Sunday is typically spent sleeping, eating, lounging, drinking, starting fights, enjoying the company of family and friends, shaving animals, more sleeping, and concluded with a pixie dancing contest. In an effort to add to the list, I attempted to create Quicktime VR (QTVR) panoramas from Half-Life 2 maps.
envmap and GoCubic.
Like HL and Quake 2 (to an extent), HL2 contains a command which lets you create environment maps from within the game - while playing, type
envmap into the console and it’ll produce 6 32x32 TGA images for you in a directory called ‘cubemap_screenshots’. It’s usually used for creating the reflection maps that make shiny things shine according to the environment.
32x32 images are no good for panoramas. They look like a bad prescription. So, the resolution can be upped using the
mat_envmaptgasize command to the maximum (?) of 512x512 per image, which whilst not ideal, is 1,536 times better than 32x32. All you need to do is load up a map, turn cheats on, set the variable to 512, then run
envmap to generate the images. Easy.
The generated images end up named ‘XX.tga’, where XX is coded as ft (front), lf (left), rt (right), bk (back/behind), up (up) and dn (down). For example:
The next step requires converting these images into the QTVR panorama. For this we require GoCubic, a free tool that will convert 6 rectilinear images (like the ones we have) into a bog-standard QTVR panorama.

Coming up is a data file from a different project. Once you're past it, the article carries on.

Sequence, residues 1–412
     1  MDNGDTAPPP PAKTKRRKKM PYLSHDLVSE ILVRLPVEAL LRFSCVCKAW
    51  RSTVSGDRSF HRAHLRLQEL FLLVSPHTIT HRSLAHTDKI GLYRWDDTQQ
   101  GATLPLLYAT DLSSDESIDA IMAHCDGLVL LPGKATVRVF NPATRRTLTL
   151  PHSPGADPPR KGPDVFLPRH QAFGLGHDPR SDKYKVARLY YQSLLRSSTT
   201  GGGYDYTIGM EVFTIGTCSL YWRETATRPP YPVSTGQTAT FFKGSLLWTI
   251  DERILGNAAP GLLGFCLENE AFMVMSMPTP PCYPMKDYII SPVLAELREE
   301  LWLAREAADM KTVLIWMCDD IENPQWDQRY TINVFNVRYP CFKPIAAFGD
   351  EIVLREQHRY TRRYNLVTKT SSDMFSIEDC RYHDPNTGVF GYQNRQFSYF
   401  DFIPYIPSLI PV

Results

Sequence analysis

GoCubic expects to be given 6 images named in sequence, i.e. ‘shot1.tga’, ‘shot2.tga’, ‘shot3.tga’, ‘shot4.tga’, ‘shot5.tga’ and ‘shot6.tga’. These map to the front, right, back, left, up and down images - but naturally, HL2’s naming differs. So, we need to rename the images we’ve already got to match, for example:
d1_trainstation_01rt.tga d1_trainstation_1.tga d1_trainstation_01ft.tga d1_trainstation_2.tga d1_trainstation_01lf.tga d1_trainstation_3.tga d1_trainstation_01bk.tga d1_trainstation_4.tga d1_trainstation_01up.tga d1_trainstation_5.tga d1_trainstation_01dn.tga d1_trainstation_6.tga
All the files are now ready. Load up GoCubic and from the ‘Make Pano’ menu, select ‘Make Pano Movie…’. Browse to the location where you renamed the files, and select the first one (e.g. ‘d1_trainstation_1.tga’), and hit Open. Another browser will pop up asking where you want to save the generated panorama, so specify a filename or accept the default ‘default.mov’.
It’ll do a little crunching and within seconds you have your QTVR panorama. Simple.